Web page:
This content is intended to serve as general information; it is not legal advice nor intended as legal advice.
The ACLU of Texas is dedicated to protecting and defending the constitutional and civil rights of all persons in Texas, regardless of immigration or refugee status, in the courts, the state legislature, and communities small or large throughout the Lone Star State. Immigrants and refugees are now facing increased enforcement actions, including unannounced and arbitrary home raids. The information contained here is for informational purposes only and does not constitute legal advice.
You Have Rights Under Our Constitution
The Constitution protects everyone, regardless of immigration status, from discrimination based on race or national origin. In the United States, everyone is entitled to certain protections, including the right to be treated fairly in court, to free speech, religious freedom, and other core civil rights.
Your Basic Rights During a Home Raid
- Stay calm.
- You do not have to open your door. If you wish to assert your rights, you should keep your door closed and speak to agents through the door.
- Ask the agents who they are and what they are there for.
- Sometimes agents will use a ruse or false information, so be extra cautious!
- If you are a Spanish-speaker and the agents do not speak Spanish, ask for an interpreter.
- If the agents want to enter, ask them if they have a warrant signed by a judge. An administrative warrant of removal from immigration authorities is not enough.
- If they say they have a warrant, ask them to slip the warrant under the door.
- Look at the top and at the signature line to see if it was issued by a court and signed by a judge or issued by DHS or ICE and signed by a DHS or ICE employee. Only a court warrant signed by a judge allows entry into your premises.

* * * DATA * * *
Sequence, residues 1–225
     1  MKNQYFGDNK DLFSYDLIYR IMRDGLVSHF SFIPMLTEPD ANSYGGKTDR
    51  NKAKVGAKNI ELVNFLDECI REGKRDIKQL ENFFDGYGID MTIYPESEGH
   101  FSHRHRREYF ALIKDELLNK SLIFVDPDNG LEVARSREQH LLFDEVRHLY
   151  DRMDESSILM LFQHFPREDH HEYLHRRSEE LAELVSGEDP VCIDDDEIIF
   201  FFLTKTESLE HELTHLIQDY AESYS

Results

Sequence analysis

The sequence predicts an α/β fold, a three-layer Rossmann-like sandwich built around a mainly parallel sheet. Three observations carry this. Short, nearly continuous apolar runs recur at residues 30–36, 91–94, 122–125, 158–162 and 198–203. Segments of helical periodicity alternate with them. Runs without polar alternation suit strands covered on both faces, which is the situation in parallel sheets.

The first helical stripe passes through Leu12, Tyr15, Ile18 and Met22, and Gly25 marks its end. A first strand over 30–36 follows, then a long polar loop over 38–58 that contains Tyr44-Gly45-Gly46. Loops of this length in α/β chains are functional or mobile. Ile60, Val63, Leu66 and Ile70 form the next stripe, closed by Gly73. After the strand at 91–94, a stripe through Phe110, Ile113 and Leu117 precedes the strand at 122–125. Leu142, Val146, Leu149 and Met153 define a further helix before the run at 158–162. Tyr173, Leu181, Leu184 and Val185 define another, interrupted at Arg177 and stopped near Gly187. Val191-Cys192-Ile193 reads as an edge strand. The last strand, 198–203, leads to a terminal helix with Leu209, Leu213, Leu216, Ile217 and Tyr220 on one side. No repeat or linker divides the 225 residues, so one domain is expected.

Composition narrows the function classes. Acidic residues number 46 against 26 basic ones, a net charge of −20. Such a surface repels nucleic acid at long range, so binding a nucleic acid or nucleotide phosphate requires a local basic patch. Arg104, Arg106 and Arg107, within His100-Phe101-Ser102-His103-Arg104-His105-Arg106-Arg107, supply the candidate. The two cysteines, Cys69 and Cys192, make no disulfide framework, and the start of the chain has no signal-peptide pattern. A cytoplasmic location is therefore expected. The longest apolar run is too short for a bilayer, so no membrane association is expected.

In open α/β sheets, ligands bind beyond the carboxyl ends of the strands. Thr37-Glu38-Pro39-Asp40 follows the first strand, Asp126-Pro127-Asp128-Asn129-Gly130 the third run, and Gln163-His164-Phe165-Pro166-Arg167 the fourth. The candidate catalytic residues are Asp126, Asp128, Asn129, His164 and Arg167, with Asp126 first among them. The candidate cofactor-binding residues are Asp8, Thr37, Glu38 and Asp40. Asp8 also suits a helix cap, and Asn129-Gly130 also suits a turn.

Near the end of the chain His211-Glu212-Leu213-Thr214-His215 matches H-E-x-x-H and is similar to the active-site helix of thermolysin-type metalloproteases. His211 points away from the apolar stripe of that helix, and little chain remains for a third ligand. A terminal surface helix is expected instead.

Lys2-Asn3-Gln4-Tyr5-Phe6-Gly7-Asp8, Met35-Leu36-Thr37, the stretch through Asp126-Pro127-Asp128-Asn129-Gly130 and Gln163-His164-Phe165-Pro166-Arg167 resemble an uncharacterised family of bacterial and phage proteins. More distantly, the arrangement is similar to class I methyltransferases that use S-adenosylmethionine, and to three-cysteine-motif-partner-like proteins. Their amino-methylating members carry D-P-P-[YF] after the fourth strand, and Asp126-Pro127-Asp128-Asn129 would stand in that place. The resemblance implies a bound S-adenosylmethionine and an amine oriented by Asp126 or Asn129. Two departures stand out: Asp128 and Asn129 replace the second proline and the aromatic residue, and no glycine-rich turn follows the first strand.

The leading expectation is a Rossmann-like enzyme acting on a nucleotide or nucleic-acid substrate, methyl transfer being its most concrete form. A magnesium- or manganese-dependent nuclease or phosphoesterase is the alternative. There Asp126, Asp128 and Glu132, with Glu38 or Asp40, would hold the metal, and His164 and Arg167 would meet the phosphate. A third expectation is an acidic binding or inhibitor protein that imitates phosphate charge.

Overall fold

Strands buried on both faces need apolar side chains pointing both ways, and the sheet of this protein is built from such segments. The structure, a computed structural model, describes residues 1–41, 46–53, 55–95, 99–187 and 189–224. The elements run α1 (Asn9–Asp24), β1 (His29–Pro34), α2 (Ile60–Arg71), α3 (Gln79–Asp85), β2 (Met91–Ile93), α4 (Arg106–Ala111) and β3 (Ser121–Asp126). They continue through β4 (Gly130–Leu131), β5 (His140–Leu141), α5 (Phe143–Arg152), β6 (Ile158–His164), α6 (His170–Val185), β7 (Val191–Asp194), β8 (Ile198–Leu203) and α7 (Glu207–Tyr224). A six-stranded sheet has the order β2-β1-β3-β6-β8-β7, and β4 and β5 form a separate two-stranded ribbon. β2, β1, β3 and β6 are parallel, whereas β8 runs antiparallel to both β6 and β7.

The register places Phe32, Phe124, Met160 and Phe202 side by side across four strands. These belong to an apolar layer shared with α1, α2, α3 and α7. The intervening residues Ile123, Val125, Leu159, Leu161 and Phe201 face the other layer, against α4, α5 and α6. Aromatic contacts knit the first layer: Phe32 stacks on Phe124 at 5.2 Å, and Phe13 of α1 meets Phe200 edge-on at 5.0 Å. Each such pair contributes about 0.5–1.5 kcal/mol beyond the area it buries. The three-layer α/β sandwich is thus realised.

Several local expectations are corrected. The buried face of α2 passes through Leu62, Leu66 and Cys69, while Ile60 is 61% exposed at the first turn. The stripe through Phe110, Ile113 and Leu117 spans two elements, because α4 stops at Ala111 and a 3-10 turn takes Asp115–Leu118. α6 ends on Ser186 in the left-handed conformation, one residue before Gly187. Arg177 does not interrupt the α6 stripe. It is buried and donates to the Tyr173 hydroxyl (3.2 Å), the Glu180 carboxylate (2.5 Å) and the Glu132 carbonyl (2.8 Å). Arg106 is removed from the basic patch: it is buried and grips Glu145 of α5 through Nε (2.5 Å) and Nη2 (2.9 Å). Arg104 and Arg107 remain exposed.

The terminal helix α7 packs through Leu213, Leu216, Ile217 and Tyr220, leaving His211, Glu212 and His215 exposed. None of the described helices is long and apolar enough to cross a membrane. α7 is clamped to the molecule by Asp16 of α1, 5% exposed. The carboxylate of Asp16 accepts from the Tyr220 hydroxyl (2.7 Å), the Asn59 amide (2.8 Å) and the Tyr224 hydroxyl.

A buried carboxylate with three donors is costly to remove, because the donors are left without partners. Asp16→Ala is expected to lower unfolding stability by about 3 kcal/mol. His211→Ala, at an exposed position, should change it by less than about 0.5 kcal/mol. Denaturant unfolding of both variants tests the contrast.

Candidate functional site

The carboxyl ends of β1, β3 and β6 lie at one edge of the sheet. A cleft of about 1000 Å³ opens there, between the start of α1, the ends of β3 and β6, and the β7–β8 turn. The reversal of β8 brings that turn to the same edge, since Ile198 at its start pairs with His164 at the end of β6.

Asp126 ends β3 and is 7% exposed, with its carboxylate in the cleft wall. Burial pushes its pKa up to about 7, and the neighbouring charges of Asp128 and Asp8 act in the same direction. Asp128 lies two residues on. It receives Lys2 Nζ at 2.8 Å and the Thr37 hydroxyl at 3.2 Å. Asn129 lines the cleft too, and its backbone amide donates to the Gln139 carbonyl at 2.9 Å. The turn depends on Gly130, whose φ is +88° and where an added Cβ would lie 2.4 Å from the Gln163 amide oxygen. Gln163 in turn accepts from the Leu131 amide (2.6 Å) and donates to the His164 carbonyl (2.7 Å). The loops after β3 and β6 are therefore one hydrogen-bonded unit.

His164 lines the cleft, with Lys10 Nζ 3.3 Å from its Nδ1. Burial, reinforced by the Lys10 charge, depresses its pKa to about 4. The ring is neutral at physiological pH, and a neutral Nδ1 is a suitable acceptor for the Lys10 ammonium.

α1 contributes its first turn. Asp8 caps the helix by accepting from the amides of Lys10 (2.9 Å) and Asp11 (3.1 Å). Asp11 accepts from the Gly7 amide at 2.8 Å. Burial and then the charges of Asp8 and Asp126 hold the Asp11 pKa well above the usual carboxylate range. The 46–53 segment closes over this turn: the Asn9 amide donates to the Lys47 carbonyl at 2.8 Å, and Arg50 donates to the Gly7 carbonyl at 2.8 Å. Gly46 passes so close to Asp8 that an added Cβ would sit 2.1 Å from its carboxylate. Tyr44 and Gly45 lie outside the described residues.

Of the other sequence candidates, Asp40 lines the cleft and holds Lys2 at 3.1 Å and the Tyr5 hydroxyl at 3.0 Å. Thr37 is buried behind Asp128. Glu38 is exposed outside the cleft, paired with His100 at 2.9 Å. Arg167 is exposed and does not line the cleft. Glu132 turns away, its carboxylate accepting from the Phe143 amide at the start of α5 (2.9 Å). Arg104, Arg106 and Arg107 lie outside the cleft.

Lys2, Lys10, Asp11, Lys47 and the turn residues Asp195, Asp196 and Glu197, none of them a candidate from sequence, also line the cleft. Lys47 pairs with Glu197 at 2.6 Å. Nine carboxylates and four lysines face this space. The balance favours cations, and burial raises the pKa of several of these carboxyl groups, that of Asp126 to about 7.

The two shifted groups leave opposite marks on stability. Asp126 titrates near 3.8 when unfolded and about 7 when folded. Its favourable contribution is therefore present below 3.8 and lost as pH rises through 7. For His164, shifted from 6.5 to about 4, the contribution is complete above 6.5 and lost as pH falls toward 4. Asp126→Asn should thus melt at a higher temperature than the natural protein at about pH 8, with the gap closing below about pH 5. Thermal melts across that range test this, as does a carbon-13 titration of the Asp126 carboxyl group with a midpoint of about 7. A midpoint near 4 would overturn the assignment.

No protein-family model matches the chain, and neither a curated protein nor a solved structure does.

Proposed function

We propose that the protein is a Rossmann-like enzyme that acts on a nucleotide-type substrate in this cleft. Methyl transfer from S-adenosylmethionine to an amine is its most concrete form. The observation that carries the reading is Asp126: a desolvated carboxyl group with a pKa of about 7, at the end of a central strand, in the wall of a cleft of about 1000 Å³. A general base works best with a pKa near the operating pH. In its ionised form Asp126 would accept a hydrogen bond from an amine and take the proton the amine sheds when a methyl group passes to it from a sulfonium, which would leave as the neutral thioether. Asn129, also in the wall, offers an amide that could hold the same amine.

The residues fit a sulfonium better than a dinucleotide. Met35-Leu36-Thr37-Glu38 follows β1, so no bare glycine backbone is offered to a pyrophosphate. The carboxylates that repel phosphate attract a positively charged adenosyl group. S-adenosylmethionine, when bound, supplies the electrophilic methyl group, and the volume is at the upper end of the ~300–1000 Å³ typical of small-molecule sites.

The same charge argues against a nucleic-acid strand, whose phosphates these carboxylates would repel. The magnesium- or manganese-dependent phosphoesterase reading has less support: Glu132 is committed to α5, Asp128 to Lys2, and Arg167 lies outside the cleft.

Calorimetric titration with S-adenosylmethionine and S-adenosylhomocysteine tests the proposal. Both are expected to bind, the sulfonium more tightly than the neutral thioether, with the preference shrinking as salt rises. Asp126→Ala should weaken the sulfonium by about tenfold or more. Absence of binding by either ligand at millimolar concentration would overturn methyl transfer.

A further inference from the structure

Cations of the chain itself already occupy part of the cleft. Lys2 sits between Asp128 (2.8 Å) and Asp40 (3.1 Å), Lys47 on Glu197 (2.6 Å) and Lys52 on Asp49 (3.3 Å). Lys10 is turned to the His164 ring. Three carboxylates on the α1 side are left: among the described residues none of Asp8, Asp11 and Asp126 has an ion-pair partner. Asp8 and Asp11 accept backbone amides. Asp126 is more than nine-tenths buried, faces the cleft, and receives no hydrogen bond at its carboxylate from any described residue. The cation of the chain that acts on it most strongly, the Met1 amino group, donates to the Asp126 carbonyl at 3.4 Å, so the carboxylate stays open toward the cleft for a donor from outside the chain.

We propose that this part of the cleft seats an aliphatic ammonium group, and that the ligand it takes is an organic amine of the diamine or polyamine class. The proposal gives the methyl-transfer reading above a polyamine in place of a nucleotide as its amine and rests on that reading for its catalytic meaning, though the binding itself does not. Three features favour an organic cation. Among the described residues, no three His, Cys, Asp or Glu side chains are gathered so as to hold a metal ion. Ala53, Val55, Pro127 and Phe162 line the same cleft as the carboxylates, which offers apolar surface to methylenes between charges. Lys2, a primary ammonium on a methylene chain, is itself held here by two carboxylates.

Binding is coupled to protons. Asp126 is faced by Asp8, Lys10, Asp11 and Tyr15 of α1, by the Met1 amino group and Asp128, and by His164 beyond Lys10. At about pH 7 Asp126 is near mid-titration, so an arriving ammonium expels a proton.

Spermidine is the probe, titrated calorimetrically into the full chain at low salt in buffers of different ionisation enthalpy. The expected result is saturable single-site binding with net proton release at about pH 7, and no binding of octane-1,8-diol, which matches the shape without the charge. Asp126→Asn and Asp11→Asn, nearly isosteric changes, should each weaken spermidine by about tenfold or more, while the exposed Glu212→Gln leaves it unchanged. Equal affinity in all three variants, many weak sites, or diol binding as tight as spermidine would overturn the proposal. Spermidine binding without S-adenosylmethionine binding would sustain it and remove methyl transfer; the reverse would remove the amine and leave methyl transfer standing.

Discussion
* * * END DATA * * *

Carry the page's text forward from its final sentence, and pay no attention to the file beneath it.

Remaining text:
- Read and review the warrant carefully. Do not open your door unless ICE shows you a warrant naming a person in your residence and/or areas to be searched at your address.
- In all other cases, keep the door closed and state clearly: “I do not consent to your entry.”
- If agents force their way in anyway, do not attempt to resist. State clearly: “I do not consent to your entry or to your search of these premises. I am exercising my right to remain silent. I wish to speak with a lawyer as soon as possible.” Everyone in the residence may also exercise the right to remain silent.
- Do not lie or show false documents.
- Do not sign any papers without speaking to a lawyer.
What to do if you are Detained by ICE
- You have a right to an attorney, however, neither ICE nor any government agent has to provide you one. If you do not have an attorney, ask for a list of providers of free or low cost legal services.
- You have a right to communicate with your consulate or to have an agent notify your consulate of your arrest.
- Let the agent know you wish to remain silent. Do not speak about your immigration status or why you are in the U.S. with anyone other than your attorney.
- Do not sign anything! If you sign a document without first speaking with an attorney, you may be waiving an opportunity to remain in the U.S.
- Stay calm at all times. As much as possible, try to remain calm and think clearly despite being harassed or intimidated.
- Remember your immigration number (“A Number”) and share it with your family. This will help your family find you.
- Keep copies of all of your immigration documents with someone you trust.
- Do not provide any false documents or information, as they may be used against you in a deportation proceeding.